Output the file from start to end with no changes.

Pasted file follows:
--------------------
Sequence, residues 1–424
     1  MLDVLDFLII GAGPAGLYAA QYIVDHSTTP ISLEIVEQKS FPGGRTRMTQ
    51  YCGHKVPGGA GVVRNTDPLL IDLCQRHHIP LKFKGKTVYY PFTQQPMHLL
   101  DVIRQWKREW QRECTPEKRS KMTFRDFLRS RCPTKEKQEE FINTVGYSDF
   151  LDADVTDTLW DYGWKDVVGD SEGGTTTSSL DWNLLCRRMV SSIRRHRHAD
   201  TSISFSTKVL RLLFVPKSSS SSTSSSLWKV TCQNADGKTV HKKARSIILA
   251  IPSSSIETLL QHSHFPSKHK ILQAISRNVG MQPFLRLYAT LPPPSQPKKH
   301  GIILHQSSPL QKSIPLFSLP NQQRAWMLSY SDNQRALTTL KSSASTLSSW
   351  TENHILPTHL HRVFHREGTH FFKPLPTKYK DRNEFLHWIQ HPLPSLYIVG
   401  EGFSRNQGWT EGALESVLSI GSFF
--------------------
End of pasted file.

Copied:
Sequence, residues 1–424
     1  MLDVLDFLII GAGPAGLYAA QYIVDHSTTP ISLEIVEQKS FPGGRTRMTQ
    51  YCGHKVPGGA GVVRNTDPLL IDLCQRHHIP LKFKGKTVYY PFTQQPMHLL
   101  DVIRQWKREW QRECTPEKRS KMTFRDFLRS RCPTKEKQEE FINTVGYSDF
   151  LDADVTDTLW DYGWKDVVGD SEGGTTTSSL DWNLLCRRMV SSIRRHRHAD
   201  TSISFSTKVL RLLFVPKSSS SSTSSSLWKV TCQNADGKTV HKKARSIILA
   251  IPSSSIETLL QHSHFPSKHK ILQAISRNVG MQPFLRLYAT LPPPSQPKKH
   301  GIILHQSSPL QKSIPLFSLP NQQRAWMLSY SDNQRALTTL KSSASTLSSW
   351  TENHILPTHL HRVFHREGTH FFKPLPTKYK DRNEFLHWIQ HPLPSLYIVG
   401  EGFSRNQGWT EGALESVLSI GSFF